Part two in our look at defenses. If you missed the writeup on the 3-4, you can find it here.
Since the basics of a 3-4 defense went over well, lets move on to the next 3 down lineman scheme: The 3-3-5 (or 30 stack). A 3-3-5 is often confused with a 3-4, but not all 3 linemen schemes are created equally. As I noted yesterday, the assignments, philosophy, and personnel required to run a 30-stack greatly differ.
WSU has run the 30 stack on multiple occasions in the last few years, usually out of necessity. As we all saw, the defense was largely overmatched and undersized against Pac-10 offenses. With the loss of multiple linemen, it became necessary to experiment with different defensive schemes.
This year, that does not appear to be the case. WSU enters the fall with a defense that looks better than it has at any other time during Paul Wulff's tenure. With an abundance of freshmen coming off redshirts and the rest of the defense with another year under their belt, co-defensive coordinators Chris Ball and Jody Sears should be able to run whatever scheme and base defense they deem necessary.
What follows is a look at the stack and whether it's beneficial for WSU to run it this year.
Scheme and Alignment
A basic 3-3-5 alignment looks like this:
As with a 3-4, a nose tackle is line up directly over center, with two defensive ends lined up over the tackles. The difference comes in the personnel used as linebackers and defensive backs. In a 3-4, a defensive lineman is swapped out for a linebacker. In a 3-3-5, the lineman is swapped for a defensive back.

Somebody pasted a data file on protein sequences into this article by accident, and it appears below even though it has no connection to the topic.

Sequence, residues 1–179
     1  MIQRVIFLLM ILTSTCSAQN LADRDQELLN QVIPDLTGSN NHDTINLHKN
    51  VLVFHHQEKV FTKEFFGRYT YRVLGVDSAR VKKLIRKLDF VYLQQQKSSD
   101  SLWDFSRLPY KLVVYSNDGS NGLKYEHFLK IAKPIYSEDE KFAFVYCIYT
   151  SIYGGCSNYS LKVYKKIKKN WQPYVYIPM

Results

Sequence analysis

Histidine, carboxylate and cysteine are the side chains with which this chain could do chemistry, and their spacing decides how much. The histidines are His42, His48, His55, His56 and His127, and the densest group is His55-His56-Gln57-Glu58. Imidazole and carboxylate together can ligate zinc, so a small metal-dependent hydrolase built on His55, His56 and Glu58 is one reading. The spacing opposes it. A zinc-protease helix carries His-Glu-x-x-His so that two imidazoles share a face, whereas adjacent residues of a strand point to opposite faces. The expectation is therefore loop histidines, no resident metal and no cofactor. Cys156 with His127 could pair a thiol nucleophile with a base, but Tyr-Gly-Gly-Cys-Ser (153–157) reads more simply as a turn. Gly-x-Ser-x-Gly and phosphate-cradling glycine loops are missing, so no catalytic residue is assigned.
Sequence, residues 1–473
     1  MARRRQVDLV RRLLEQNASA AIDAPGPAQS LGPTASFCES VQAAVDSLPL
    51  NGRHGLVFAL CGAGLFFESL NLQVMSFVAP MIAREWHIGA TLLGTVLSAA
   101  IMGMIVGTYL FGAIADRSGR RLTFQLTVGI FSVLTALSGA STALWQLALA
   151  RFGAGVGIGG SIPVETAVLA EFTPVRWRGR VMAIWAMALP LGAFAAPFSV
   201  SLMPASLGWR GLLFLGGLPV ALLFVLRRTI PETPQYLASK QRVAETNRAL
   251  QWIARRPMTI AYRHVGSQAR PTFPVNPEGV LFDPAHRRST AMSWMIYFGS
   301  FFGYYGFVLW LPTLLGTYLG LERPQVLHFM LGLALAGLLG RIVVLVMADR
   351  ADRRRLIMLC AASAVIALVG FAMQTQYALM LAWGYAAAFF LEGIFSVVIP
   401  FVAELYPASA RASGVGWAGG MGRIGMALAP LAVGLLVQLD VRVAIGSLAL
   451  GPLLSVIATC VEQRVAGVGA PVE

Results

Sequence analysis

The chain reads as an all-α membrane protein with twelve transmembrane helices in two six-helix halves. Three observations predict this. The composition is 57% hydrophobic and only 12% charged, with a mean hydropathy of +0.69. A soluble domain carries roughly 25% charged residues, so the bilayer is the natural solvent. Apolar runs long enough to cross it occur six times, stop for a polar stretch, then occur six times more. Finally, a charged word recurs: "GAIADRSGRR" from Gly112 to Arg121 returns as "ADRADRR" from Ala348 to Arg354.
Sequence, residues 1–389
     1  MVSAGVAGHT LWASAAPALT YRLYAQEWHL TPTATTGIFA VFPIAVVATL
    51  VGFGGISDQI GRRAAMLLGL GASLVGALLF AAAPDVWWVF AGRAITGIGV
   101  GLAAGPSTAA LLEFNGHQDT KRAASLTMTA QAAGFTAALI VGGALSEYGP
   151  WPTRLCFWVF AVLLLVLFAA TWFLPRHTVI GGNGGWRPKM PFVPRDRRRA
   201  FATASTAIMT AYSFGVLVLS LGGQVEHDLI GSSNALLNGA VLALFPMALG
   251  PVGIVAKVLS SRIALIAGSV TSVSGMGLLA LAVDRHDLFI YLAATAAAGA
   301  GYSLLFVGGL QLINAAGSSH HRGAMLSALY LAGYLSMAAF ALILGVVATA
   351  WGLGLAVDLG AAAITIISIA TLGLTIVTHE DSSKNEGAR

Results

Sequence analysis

Unlike the rigid assignments of a 3-4, the linemen can shift their alignment based on the formation of the offense. If the offense is strong left or right (which side the TE is on), the whole line can shift one gap over. Instead of simply trying to hold off offensive linemen so the linebackers can make plays, the defensive line is called upon to get into the backfield and create pressure or stop the run.
The three linebackers line up behind the three defensive lineman. On the back end, the cornerbacks take their typical positions on the outside. Depending on the situation, a nickel back can line up in the slot or two strong safeties can line up on each side of the free safety.